It’s no secret that voter ID is a third rail when it comes to voting and elections policy. On one hand, strict photo ID laws that do not provide eligible, registered voters an alternative way to cast their ballot have been found to be racially discriminatory by some courts. They can disenfranchise millions of eligible voters who don’t have a photo ID or whose ID may be expired, a disproportionate number of whom are people of color. On the other hand, the concept of voter ID more broadly – verifying a voter’s identity using a variety of documents and methods, rather than only via photo ID – has engendered fairly broad support in the years since it was first introduced. One national poll conducted in 2022 showed nearly eight in 10 respondents believe some sort of ID should be provided when voting.
Such support for voter ID was cited early and often by Ohio Secretary of State Frank LaRose as he advocated for Ohio’s new, no-alternative photo ID law – the first major piece of elections legislation to be signed into law in 2023. But the truth is, it was misleading to suggest that there was broad support for a law as restrictive as Ohio’s – which offers no alternative means of identity verification besides a photo ID.
Here’s why Ohio’s new law is an outlier when compared to other states.
The new law, signed by Governor Mike DeWine on January 6, now requires all Ohio voters to show a physical photo ID in order to vote. If they don’t have one, voters have no recourse. While they may cast a provisional ballot, the new law only allows elections officials to count that ballot if the voter returns to their elections office to show a photo ID. If they don’t? Their vote is thrown out.
This is a dramatic change for Ohio voters. Under previous law, voters had the option of showing a state-issued ID, or a utility bill, bank statement, paycheck, or other government document containing the person’s name and address. And if a voter was unable to show any of these documents, they could cast a provisional ballot, which election officials would verify and count if the voter provided the last four digits of their social security number, or their driver’s license or state ID number, on the provisional ballot envelope – or provided one of these numbers to the elections office within seven days of Election Day.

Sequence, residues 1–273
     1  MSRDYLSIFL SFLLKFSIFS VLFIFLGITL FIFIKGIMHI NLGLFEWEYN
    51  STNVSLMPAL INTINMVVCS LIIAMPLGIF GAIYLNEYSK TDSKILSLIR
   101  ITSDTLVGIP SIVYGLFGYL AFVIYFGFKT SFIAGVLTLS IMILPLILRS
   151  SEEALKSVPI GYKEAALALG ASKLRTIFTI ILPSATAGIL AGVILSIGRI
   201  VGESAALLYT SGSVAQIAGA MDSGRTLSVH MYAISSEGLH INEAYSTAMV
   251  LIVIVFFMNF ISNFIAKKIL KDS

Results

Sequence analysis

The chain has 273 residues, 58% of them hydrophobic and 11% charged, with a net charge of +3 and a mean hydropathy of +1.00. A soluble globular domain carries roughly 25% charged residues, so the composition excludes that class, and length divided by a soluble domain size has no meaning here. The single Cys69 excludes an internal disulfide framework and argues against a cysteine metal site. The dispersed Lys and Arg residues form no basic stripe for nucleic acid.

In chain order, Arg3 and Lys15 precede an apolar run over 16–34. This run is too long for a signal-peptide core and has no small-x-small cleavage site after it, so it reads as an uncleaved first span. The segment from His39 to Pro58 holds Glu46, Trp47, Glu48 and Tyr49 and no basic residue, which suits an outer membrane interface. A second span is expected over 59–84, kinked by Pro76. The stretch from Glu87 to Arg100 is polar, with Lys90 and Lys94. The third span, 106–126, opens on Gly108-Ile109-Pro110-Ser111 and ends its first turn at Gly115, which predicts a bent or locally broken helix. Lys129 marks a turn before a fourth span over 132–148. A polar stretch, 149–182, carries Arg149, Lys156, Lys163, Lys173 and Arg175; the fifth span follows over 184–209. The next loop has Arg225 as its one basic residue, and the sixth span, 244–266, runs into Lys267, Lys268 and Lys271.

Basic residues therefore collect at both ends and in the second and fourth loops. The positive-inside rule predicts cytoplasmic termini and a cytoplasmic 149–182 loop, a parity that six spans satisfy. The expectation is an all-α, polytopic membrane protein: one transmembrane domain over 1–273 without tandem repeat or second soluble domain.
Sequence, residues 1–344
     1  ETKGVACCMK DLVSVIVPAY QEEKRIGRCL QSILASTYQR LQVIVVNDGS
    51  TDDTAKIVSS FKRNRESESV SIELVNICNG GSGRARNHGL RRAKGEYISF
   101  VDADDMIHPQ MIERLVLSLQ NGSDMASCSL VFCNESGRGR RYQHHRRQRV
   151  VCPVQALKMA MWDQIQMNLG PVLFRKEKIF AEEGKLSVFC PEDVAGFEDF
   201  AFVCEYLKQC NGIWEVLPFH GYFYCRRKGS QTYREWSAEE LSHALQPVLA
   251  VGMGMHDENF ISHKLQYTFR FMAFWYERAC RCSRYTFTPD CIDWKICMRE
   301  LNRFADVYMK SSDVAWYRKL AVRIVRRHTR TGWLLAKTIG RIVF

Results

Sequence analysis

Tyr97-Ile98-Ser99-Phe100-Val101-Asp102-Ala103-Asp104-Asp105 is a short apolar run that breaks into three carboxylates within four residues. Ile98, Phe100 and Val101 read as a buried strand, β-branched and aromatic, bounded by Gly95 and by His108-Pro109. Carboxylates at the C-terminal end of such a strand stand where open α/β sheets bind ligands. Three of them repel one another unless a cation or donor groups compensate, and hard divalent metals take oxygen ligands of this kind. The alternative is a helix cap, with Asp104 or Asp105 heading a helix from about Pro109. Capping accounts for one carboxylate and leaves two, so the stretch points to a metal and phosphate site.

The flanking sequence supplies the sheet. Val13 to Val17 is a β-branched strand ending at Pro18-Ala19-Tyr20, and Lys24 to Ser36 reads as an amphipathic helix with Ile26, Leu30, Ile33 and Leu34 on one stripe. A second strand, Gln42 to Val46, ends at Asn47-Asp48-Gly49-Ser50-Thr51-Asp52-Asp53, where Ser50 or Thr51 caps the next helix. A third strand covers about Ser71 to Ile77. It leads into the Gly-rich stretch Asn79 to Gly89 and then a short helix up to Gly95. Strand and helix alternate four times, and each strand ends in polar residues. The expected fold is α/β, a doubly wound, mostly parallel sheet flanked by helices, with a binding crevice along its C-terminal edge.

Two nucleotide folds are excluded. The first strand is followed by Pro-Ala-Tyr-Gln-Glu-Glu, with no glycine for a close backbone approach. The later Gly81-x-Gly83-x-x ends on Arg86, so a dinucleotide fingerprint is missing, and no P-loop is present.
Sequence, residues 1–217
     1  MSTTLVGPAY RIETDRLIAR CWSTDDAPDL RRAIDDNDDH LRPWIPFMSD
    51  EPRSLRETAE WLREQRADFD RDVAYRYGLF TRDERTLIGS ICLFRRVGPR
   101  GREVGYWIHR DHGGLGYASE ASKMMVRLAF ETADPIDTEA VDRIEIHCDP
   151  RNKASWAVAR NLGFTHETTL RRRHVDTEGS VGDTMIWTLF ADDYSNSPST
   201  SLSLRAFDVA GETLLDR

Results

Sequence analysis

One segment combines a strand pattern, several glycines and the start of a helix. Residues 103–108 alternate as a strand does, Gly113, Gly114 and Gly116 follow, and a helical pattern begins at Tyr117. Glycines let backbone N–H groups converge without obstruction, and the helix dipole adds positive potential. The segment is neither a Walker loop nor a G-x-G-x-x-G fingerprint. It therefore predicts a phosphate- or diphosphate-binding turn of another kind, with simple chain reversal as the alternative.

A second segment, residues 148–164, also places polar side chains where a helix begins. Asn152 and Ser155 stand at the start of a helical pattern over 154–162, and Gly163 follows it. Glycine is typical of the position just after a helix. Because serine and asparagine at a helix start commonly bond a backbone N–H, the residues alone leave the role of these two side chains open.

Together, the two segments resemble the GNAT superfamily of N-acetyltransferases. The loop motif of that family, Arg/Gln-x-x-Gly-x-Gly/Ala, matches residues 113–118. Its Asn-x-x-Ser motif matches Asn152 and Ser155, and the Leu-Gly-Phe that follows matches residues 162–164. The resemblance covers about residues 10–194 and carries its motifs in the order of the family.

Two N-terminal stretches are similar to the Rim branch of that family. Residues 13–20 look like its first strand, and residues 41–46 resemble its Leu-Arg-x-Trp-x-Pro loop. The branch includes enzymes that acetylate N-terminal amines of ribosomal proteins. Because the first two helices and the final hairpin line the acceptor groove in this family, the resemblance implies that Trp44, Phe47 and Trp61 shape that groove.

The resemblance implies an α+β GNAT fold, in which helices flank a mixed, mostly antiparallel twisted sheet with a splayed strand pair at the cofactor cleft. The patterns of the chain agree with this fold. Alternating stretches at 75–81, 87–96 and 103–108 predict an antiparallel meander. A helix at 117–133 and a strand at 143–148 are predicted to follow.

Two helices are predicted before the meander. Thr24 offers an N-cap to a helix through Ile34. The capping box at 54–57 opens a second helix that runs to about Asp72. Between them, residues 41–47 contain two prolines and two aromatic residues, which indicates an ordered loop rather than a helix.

The new law offers no alternatives and no recourse for an eligible voter to cast a ballot unless they can produce a state-issued image of their face on a current photo ID. This new law is likely to have a discriminatory impact on low-income Ohioans and people of color, as research from the Legal Aid Society of Cleveland has shown. The law is one of the most extreme and restrictive in any state today – and was opposed by the state’s bipartisan association of election officials.
Across the United States today, just 10 states have no-alternative photo ID laws like Ohio’s in place. Those states will only count a ballot cast in-person if a voter shows a photo ID at the polls, or returns to the elections office to later show their photo ID. No-alternative photo ID laws prohibit election officials from verifying voter identity through any other means.
Compare that to the overwhelming norm: 40 states allow voters to cast a ballot without having to show a photo ID. That includes 15 states without any physical ID requirement for voters (though a voter’s identification is of course verified through other means) and 16 states that allow voters to use an ID other than a photo ID, such as a utility bill or bank statement. The remaining nine have photo ID rules on the books, but give voters the chance to have their vote counted without one – by submitting a sworn affidavit attesting to their identity or by casting a provisional ballot that is verified through signature matching or a comparison of other identifying information, for example.
The bottom line is, 40 states take steps to ensure eligible voters can cast a ballot regardless of their ability to present a state-issued photo ID.
The 2022 election season proved that, when presented with the details, voters don’t want extreme photo ID laws on the books in their state. Arizona voters rejected a ballot initiative that would have brought no-alternative photo ID rules to the state, opting instead to maintain the state’s current and trusted rules that allow for other forms of voter identification. That option is used by voters across the state, but one with particular importance to Arizona’s native population. In a similar vein, Michigan voters approved a ballot initiative specifically to ensure ballot access for those without a photo ID. Proposal 2 guarantees voters the option to sign a sworn affidavit in place of a photo ID, cementing a longstanding practice into the state’s constitution.
The Voting Rights Lab is tracking efforts by lawmakers across the country to make their state ID laws more restrictive. In 2021, Arkansas passed a law that created a no-alternative voter ID law in the state, eliminating an Arkansas voter’s ability to file a sworn statement attesting to their identity. The Nebraska legislature will implement a new relevant constitutional amendment this year; the details of that implementing language will determine whether the state adopts no-alternative photo ID or a more inclusive form of voter ID. In this year’s legislative session, there are bills active in five states that would create no-alternative photo ID. And the Pennsylvania legislature is currently considering a resolution that will go to the voters if it passes in the 2023-2024 session. If no-alternative photo ID bills become a trend, it would represent a dramatic rollback of Americans’ civil rights – and flout the will of the voters.